Liz Tells Frank What Happened In “She’s All That”
I don’t think my prom had a prom queen. Or, if it did, no one gave a shit. Personally, I went stag — well, technically, I went with another girl, because they didn’t sell tickets to prom, they sold two-person “bids” or something, and both me and my friend Evelyn didn’t have dates, but did want to go, so we split a bid and shared a limousine with a big group of friends and it was a pretty fun time.
[And by the way, points to my NorCal high school for never even raising an eyebrow over the fact that me and Evelyn split a bid, several years before that sort of thing mighta been a major news story. Though, to be fair, we never pressed the point by slow-dancing (and/or being in a committed relationship).]
So I enjoyed my prom, to a certain extent, but the lead-up to it didn’t consume my existence or that of my peers. (By “peers,” I mean the honors students, school paper editors and drama nerds who made up my core group of friends in high school — perhaps there were girls/boys who were deeply committed on that score, but for reasons that should be very obvious, they were not a part of my social circle.)
What this means is that the film She’s All That, the plot of which is entirely focused on which lucky 18+-to-play-younger lady will win the oh-so-important crown, is as alien to me as, well, aliens.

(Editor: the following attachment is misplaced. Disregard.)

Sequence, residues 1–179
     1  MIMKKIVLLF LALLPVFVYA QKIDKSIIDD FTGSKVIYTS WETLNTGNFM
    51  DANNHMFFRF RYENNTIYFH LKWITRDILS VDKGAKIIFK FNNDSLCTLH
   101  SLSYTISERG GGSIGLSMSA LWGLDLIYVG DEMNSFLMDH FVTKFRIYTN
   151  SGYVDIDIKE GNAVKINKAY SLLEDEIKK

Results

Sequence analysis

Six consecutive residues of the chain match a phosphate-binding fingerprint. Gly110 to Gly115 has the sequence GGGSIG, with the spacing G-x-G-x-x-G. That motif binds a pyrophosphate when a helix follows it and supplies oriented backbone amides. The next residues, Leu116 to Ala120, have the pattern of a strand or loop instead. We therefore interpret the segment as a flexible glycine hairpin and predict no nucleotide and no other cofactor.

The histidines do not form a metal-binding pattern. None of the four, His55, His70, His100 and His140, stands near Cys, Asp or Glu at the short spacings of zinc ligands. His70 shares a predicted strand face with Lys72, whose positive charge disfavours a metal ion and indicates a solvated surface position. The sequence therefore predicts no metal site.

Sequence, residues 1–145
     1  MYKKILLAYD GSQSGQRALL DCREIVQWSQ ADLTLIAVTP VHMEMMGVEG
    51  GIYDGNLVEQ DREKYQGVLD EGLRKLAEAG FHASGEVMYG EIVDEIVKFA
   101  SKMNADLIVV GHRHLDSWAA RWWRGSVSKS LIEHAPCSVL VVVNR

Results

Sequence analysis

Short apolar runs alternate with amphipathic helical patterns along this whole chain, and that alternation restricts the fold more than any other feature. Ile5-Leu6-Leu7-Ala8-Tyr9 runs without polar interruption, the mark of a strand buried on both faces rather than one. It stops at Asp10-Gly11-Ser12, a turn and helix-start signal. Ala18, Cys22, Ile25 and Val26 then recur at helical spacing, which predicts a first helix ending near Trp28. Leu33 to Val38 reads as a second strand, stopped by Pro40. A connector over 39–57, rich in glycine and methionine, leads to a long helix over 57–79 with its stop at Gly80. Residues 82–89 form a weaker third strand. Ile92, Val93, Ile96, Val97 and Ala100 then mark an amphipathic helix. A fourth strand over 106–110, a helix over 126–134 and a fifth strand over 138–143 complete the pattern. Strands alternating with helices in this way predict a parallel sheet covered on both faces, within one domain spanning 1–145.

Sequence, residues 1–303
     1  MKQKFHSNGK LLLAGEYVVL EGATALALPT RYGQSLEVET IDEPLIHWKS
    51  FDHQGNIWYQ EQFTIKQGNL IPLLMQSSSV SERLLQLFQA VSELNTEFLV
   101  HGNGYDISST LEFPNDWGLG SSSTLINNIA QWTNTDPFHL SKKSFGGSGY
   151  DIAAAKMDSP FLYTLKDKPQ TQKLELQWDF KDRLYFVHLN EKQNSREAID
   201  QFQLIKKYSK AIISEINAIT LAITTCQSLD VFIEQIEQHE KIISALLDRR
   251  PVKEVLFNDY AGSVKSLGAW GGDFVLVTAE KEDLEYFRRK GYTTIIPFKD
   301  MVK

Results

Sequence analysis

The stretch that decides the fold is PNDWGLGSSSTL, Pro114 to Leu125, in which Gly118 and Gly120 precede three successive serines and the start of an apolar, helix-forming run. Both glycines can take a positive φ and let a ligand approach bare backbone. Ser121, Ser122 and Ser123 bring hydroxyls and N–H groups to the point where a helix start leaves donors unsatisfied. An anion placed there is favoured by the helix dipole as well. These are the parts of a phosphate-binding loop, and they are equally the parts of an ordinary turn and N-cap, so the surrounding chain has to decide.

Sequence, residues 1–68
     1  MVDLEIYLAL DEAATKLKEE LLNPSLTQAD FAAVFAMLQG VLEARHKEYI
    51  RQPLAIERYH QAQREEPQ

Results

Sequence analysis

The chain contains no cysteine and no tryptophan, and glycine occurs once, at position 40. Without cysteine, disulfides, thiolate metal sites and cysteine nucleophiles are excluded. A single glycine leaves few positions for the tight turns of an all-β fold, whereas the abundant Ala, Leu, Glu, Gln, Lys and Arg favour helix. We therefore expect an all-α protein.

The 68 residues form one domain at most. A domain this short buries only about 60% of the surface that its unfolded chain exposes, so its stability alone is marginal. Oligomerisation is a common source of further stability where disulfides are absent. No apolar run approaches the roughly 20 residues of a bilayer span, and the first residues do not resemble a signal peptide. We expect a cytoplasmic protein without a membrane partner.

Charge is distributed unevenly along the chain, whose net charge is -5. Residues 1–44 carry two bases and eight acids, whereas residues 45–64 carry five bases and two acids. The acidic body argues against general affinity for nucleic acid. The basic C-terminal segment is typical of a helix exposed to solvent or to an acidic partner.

That doesn’t mean I didn’t enjoy rewatching She’s All That recently, though. As previously established, I’ve always been pro-alien-related things. (Which is probably part of why I went to prom stag, but let’s not get bogged down in details.)
I feel I can sum up the plot of She’s All That relatively quickly, especially as its basic structure does not deviate much from formula. Popular High School Senior gets dumped by girlfriend after she hooks up with another guy during Spring Break. Reeling from break-up, PHSS makes bet with Very Competitive Best Friend that break-up is irrelevant; any girl he takes to prom will be able to win prom queen, with his help.
VCBF picks the school’s resident Glasses-Wearing Art Freak as PHSS’s designated target; PHSS goes about winning over GWAF, eventually getting her out of her glasses and into a nice dress.
But while PHSS starts developing for-real feelings for GWAF, and she him, unfortunately PHSS’s ex-GF decides she wants to get back together with PHSS, VCBF reveals to GWAF that her makeover and PHSS’s romantic overtures were rooted in a bet, and GWAF says “Am I a bet? Am I a fucking BET?” in a way that’s so memorable that I felt the need to quote it verbatim.
It ends up that PHSS goes to prom with his ex, a very hurt GWAF goes with VCBF but deafens him with an airhorn when he tries to make Prom Night into Rape Night, and while PHSS and his ex are crowned King and Queen, PHSS ditches that scene to go finally confess his true feelings for GWAF and they kiss and THE END.
The thing is, the charm of She’s All That lies not in its structure, but its details. In the pantheon of teen romantic comedies, it won’t be remembered as long as films like Sixteen Candles or Clueless. But that doesn’t mean it should be ignored.
For one thing, Frank, aside from stars Freddie Prinze Jr. and Rachel Leigh Cook, here are some of the actors who are in She’s All That:
- Matthew Lillard
- Paul Walker
- Jodi Lyn O’Keefe
- Kevin Pollak
- Anna Paquin
- Kieran Culkin
- Gabrielle Union
- Dulé Hill
- Clea DuVall
- Tim Matheson
- Sarah Michelle Gellar (uncredited cameo).